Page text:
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Friday, November 2, 2012

San Agustin Church in Intramuros, Manila

The San Agustin Church is a Roman Catholic Church situated inside the Intramuros, also known as the “city within walls”, in Manila, Philippines. It is an active church, originally designed by Architect Juan Macias. The groundbreaking started on 1586 and was finished and consecreted in 1607 under the supervision successively of Augustinian Fathers Francisco de Bustos, Ildefonso Perez, Diego de Avila and Brother Alonso de Perea. The church has a Baroque Architectural Style with about 220 ft in length and 82 ft in width.

Under the auspices of The Order of St. Augustine, the San Agustin Church is considered as the oldest stone church still standing in the Philippines. There have been no other edifices claiming to survive longer than this church.

The San Agustin Church is one of the four Baroque Churches of the Philippines inscribed in 1993 on the World Heritage List pursuant to the 1972 UNESCO Convention, concerning the protection of the World Cultural and Natural Heritage. The Church of San Agustin possesses exceptional universal value that deserves protection for the benefit of all humanity. It has been labeled as a National Historical Landmark by the Philippine Government in 1976.

The current structure is the third Augustinian Church erected on the site. The first San Agustin Church was made of Nipa and Bamboo, completed in 1571. It was the first religious structure built by the Spaniards in Luzon Island. The first church was destroyed by fire in December 1574 when the forces of Limahong invade Manila. The second church was made of wood and was destroyed by fire in February 1583.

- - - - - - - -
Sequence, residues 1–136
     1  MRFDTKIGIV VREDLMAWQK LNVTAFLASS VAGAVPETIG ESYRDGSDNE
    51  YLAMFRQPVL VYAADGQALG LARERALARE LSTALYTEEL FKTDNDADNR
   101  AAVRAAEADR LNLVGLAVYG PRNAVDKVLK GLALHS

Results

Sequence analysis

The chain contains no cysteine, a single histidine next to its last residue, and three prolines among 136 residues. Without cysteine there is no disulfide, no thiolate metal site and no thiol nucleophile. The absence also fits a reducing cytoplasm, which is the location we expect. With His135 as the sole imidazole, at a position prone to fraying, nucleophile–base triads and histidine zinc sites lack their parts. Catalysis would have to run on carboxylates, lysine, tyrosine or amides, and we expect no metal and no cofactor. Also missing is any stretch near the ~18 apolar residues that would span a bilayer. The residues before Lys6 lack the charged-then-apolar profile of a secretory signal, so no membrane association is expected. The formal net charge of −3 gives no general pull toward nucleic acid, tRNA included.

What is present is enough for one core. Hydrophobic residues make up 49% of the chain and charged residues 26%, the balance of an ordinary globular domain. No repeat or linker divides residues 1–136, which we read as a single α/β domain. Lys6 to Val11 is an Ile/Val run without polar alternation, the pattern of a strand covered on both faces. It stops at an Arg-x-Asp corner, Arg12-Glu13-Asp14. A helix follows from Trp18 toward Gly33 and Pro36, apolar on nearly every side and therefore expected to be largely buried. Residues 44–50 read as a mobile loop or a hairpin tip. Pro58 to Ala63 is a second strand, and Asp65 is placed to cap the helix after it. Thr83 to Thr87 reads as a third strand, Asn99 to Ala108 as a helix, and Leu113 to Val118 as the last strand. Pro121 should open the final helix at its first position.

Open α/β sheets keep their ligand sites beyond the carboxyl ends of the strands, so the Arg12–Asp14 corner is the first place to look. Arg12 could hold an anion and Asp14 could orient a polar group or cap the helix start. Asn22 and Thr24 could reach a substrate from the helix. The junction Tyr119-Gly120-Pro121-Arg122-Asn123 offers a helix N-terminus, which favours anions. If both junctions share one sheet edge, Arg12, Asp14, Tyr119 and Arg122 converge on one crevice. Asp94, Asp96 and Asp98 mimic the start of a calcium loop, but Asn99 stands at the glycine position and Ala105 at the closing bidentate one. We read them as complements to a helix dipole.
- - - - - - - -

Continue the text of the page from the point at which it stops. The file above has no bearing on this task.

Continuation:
The San Agustin Church was built using hewn adobe stones extracted from Meycauayan, Binangonan, and San Mateo, Rizal. Because of the lack of funds, the inability to gather materials and scarcity of skilled workers, the building of the church proceeded slowly. The monastery was already operational by 1604 but the church was formally declared finished on January 19, 1607 and was named St. Paul of Manila. The Architect, Juan Macias, died before the church was completed. He was acknowledged by the Augustinians as the main designer and builder of the structure.

There were several renovations made to the San Agustin Church. It has withstood many earthquakes from 1645 up the present and survived the British invasion in 1762, the Spanish-American was in 1898 and Japanese invasion in 1942. One of the most notable renovations was under the supervision of architect Luciano Oliver in 1854. On June 3, 1863, the strongest earthquake hit Manila leaving a massive destruction to the city. The quake left a huge crack of San Agustin Church’s left bell tower. The crack was repaired but eventually they permanently removed the left tower as it appears today.

The Church Choir has 68 carved Molave seats with Narra inlaids, an artistic lectern and parchment cantorals of the 17th and 18th centuries. The San Agustin Church and its graves were profaned during the British occupation of Manila in 1762. The ashes of early Spanish Conquistadores Legazpi, Salcedo, Lavezares and the Blessed Pedro de Zuniga and others now rest in the easternmost chapel of the transept. Terms for the American occupation of Manila were prepared in the vestry of the San Agustin Church in 1898. The first Philippine plenary council was held here in 1953. The adjacent monastery that was destroyed was rebuilt in the 1970s as a museum under the design of architect Angel Nakpil. The San Agustin Museum is open from Sunday to Monday from 9:00 am – 12:00 nn and 1:00 pm – 5:00 pm with admission fee of P100 for adults and P40 for children.


joycelising said...

This is one of the beautiful church in the Philippine. San Agustin Church is my dream wedding church.

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